Electro-Dynamic Light Company

Electro-Dynamic lighting system patent

The Electro-Dynamic Light Company of New York was a lighting and electrical distribution company organized in 1878. The company held the patents for the first practical system of incandescent electric lighting. It was the first company formally established to provided electric lightning and was the first company organized specifically to manufacture and sell incandescent electric light bulbs.


Albon Man, a New York attorney, and William E. Sawyer, an electrical engineer, officially formed the Electro-Dynamic Light Company of New York on July 8, 1878.[1][2][3] This was by way of a partnership with Man supplying money for experiments.[4] Sources in the late 19th century claimed it to be the first formally established electric-lighting company.[5][6]

The Electro-Dynamic Light Company was the first organized specifically to manufacture and sell incandescent electric light bulbs. Man and Sawyer patented the first practical system of incandescent electric lighting and gave the patents to the company. The United States Electric Lighting Company was organized in 1878, weeks after the Electro-Dynamic Company.[2][7][8]

The names of other investor-partners of the company besides Man and Sawyer were: Hugh McCulloch (Man's uncle), William Hercules Hays, James P. Kernochan, Lawrence Myers, and Jacob Hays.[3][9] Sawyer was about 28 years old and Man about 52 years old at the time the company was formed. They planned on lighting New York City with electricity for one-fortieth the cost of gas lighting.[10][11] The new company started with capital of $10,000 cash and $290,000 of scrip.[3] It was formed for the purpose of the production of light and power by means of electricity for the lighting of streets and buildings. The company was to make all the equipment necessary to generate and distribute electricity.[12] The distribution of electricity produced by the company was not only for lighting, but for other purposes as well.[13]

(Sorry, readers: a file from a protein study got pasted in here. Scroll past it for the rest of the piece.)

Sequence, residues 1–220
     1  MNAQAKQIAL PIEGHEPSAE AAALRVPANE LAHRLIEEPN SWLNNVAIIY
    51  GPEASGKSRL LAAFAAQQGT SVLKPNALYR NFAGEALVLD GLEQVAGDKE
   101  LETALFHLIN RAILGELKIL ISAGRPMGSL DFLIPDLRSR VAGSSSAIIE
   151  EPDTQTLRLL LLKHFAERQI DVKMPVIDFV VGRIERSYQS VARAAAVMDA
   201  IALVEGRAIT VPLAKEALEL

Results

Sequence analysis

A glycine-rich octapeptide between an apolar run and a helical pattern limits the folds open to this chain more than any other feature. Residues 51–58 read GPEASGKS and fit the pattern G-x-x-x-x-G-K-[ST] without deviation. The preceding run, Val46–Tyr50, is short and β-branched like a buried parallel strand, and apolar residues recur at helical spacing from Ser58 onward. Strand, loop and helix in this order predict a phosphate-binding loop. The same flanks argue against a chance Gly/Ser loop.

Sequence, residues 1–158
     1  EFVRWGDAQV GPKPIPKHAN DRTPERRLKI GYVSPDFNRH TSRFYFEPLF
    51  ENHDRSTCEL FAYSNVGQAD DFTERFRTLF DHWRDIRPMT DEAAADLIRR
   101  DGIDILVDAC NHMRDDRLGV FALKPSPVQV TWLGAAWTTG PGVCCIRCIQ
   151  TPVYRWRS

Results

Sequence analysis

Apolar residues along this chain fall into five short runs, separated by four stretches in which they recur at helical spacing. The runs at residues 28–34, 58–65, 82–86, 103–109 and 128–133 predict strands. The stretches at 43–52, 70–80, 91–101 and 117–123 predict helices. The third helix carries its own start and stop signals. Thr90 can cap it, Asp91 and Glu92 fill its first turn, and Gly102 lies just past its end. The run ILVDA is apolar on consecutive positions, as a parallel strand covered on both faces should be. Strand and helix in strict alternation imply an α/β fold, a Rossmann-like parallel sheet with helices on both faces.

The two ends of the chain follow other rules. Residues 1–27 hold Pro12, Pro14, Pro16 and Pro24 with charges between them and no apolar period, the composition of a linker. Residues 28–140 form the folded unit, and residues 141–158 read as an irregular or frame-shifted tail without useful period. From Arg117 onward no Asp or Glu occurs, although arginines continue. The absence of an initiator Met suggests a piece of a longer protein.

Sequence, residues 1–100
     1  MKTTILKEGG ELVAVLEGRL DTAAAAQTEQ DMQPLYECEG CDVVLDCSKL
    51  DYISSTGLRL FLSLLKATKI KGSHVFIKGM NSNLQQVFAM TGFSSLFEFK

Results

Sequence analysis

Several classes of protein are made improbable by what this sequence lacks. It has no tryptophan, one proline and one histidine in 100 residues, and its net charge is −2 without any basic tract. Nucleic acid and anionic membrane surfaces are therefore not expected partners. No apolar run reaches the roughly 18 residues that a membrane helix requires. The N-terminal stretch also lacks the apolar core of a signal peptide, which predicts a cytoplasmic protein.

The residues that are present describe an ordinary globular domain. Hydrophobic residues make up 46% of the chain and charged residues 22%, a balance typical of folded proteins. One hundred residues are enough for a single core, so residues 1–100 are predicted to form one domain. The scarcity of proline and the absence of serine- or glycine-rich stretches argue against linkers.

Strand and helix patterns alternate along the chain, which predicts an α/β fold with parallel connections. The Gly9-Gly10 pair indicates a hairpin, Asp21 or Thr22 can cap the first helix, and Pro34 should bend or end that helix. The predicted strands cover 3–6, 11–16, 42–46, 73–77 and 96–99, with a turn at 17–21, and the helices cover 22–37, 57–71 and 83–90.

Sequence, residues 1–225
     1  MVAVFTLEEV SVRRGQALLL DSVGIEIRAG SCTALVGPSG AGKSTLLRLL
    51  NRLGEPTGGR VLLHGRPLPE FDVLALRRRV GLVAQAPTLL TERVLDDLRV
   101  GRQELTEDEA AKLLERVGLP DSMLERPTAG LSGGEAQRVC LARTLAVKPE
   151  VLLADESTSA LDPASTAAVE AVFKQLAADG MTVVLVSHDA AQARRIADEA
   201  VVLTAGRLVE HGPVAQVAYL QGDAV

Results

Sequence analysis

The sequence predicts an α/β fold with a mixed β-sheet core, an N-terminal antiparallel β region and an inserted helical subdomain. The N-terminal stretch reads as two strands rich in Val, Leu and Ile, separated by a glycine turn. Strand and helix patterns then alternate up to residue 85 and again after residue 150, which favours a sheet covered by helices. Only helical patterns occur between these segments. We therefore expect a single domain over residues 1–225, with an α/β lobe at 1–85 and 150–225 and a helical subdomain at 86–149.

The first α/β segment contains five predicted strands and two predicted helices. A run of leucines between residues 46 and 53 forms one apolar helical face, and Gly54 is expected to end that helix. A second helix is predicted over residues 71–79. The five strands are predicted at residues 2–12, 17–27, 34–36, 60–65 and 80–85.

Electric lamp patented 1878

In 1878, the Electro-Dynamic Light Company demonstrated an electric light that was the invention of Sawyer and Man. An exhibition was set up in New York City on October 29, 1878.[14] The same exhibition was mentioned several weeks later in a newspaper of Princeton, Minnesota,[15] and Bismarck, North Dakota.[16] The lamp was described as a strip of pencil carbon graphite connected with two wires to an electric generator. The carbon strip was in a hermetically sealed glass bulb that was filled with nitrogen gas. When electricity was applied, the internal strip developed a temperature of between 30,000 and 50,000 degrees Fahrenheit. Since there was no oxygen in the glass globe the carbon filament did not burn out and produced light instead.[17]

The demonstration consisted of five electric light bulbs hanging from chandeliers in an office building at the corner of Elm and Walker Streets. Wires came from the electric lights and went to an adjacent room where there was a generator set up to produce electricity. The wires passed through keyholes to the adjoining room. A key was put into the keyhole and turned to switch on the electric current. As the key was turned further around, the electric lights got brighter. This switch idea was demonstrated with all five chandeliers with the electric lamps. An electric meter to measure the amount of electricity used in an office or house for billing purposes was also demonstrated.[9]